Hide Your Jugular, It's the Blood-Sucking Diva

"To make theater," Hot Keys mastermind Jeff Weiss memorably declared some years ago, "all you need is a candle and something to say." Without distorting the simplicity of this edict, the time has come to qualify it. Too often theater offers shows consisting of grotesque candles that bury tiny somethings-to-say under piles of melted wax, birthday candles inadequately illuminating somethings-to-say better left unsaid, or—to hyperextend the metaphor—a follow-spot and nothing to say. Perhaps the modified ingredient list should be a candle, something to say, and a coherent (or at least consistently incoherent) way of saying it. Form doesn't necessarily have to follow content, but neither has any excuse to show up late and drunk.

The two shows that bring this problem to mind are Ethan Sandler's solo =celebration and the multimedia "vampyre opera" Night Vision, by Fred Ho and Ruth Margraff. =celebration's premise is not very complex, and may even be too simple for the questions it raises. Inspired by Disney's revamped 42nd Street, the stuttery, charming Sandler retells fragments of a journey he took down I-95 to Florida, his final destination being Disney's elaborately planned suburb Celebration. Along the way, he stops at several other utopias of varying nightmarishness, including Amish Country and South of the Border.

On top of his simple premise Sandler heaps a hodgepodge of storytelling methods. He slaloms from a straightforward monologue in which he describes the Disney store (ending with a dramatic reading of the receipt), to a reenactment of a tacky Christmas pageant in Amish Country in which he plays all the parts (demonstrating an impressive ability to flip between characters), to an imagined scenario where he converses with the ghost of a run-over German shepherd.

The decline and fall of the roamin' vampire: Ho and Margraff's Night Vision
photo: Carol Rosegg
The decline and fall of the roamin' vampire: Ho and Margraff's Night Vision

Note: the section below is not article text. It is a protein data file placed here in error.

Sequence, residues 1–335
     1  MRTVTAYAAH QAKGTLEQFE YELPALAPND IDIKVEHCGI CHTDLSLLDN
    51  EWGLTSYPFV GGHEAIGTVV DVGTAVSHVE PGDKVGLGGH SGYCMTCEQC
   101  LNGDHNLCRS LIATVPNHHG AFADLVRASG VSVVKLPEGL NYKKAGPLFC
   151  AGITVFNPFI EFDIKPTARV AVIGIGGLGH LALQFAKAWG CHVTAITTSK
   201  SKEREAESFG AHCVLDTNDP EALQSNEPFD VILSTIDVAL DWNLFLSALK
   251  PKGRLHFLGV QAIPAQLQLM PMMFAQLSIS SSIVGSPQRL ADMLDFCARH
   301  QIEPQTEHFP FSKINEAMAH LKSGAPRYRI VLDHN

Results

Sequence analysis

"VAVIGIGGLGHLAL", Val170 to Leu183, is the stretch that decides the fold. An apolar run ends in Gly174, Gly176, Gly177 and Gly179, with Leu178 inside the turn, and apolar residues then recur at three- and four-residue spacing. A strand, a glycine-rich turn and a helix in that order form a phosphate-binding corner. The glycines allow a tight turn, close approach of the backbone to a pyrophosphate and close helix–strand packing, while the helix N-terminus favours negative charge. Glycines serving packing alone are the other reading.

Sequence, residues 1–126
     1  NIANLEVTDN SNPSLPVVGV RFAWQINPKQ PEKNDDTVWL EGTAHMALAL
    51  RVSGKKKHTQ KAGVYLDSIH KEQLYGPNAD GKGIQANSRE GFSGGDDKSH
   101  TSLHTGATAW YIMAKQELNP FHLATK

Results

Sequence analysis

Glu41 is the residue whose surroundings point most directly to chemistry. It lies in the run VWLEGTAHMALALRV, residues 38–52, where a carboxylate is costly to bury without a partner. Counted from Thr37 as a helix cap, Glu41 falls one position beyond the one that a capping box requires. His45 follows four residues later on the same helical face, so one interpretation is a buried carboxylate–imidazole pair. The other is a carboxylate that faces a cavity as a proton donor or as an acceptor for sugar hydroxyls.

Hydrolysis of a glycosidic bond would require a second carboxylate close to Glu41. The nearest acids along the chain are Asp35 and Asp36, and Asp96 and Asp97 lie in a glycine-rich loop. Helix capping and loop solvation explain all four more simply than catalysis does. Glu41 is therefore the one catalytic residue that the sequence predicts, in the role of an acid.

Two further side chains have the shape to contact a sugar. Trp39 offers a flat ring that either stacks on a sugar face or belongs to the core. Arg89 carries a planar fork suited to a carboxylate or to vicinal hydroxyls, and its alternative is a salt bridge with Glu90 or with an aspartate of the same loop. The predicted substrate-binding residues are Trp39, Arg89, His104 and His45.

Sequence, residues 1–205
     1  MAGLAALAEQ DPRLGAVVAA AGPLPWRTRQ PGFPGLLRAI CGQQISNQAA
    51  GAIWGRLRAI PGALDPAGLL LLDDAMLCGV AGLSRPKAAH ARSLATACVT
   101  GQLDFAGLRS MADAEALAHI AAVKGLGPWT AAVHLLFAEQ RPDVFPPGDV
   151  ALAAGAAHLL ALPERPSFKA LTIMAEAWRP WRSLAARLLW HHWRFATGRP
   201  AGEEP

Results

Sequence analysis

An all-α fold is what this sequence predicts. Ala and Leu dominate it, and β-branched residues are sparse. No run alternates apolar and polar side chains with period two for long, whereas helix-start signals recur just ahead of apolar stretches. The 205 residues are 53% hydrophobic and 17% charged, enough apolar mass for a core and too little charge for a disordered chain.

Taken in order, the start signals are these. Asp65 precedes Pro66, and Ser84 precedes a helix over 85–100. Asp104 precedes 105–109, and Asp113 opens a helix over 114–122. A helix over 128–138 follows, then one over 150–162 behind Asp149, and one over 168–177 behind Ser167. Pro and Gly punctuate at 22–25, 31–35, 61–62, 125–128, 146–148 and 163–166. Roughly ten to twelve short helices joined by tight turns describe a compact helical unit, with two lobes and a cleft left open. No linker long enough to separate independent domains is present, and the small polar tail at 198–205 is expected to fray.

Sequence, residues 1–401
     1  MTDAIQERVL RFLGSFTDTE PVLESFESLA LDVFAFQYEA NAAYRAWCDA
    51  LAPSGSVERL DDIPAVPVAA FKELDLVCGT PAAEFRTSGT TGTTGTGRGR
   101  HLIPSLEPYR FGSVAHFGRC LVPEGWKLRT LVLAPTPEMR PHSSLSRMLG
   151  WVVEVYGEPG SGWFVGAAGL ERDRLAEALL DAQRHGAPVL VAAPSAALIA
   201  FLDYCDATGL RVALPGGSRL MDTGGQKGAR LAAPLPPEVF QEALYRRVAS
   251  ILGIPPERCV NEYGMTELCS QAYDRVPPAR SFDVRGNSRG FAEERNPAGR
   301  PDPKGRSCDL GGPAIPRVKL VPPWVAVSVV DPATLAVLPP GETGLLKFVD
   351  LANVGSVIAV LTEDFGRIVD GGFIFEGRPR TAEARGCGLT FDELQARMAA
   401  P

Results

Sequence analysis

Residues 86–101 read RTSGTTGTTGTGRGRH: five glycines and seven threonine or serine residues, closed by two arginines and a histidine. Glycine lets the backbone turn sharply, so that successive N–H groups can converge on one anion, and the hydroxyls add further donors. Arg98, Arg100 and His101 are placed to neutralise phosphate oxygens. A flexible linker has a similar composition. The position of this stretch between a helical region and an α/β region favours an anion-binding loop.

Details

Night Vision
By Fred Ho and Ruth Margraff
HERE
145 Sixth Avenue
212-647-0202

=celebration
By Josie Dickson and Ethan Sandler
The Houseman Studios
450 West 42nd Street
212-592-4005

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Too often, Sandler's quirky marginalia only graze any of several points ripe for the making about America's uncomfortable blend of consumerism and utopia. At times he appears afraid to offer any observations or conclusions at all, preferring, for example, to elaborately describe one of Celebration's tract homes, miming the positions of various objects in the room, and in summary marveling at the fact that a stylist has designed it to look lived-in. Delayed at South Carolina's souvenir capital South of the Border, Sandler plays himself and his conscience locked in a dispute over whether or not to buy a small statuette of Pedro, South of the Border's stereotypical Mexican mascot. Yet this is the same conscience that just made a hasty aside about the discomfort of being a Jew in the company of a German shepherd's ghost. It appears that Sandler's uneasiness with modern utopias stems at times from his fear of their prefabricated sterile quality and at others from his fear of being excluded from them as a Jew. But even that small an interpretation feels forced, since Sandler only hints at such themes underneath all the performance shtick. What's the purpose of returning from a fantasyland to create a play that describes it without truly examining it? To one-up Disney?

imagehe seldom-plumbed fantasyland of the vampyre opera, at least as it appears in Night Vision, goes by so fast and unintelligibly as to deny you the opportunity to interpret. Conscious of their confusing method, the creators provide a synopsis, though one that reads like a comic book. Whatever message Night Vision conveys is even more hidden than Sandler's, since the audience's attention is distracted by a wall-sized video screen with two televisions on either side of it, a faux-DJ setup on the front chassis of a limo with working headlights, several closed-circuit video cameras and mixers, a bunch of microphones, loud music skipping through every pop genre from the last 30 years, and boisterous acting and singing styles. These days, the multimedia is the message. Andrew Hill's murky greenish lighting design and Nancy Brous's costumes, particularly the Middle Eastern chain-mail getup worn by Daphne Gaines as Ajlinna id-Dibayih, the Vampyre, create the atmosphere of some apocalyptic kung-fu movie, without the same silliness. A vampire story is buried by all the tech, albeit one in which the vampire is a 2000-year-old diva who stabs her victims with a microphone. Vampire stories generally boil down to the same thing: Vampire desires blood, vampire drinks blood, vampire turns others into vampires. People make several attempts to kill vampire, then succeed. But with Night Vision's spectacular form, who needs content?

 
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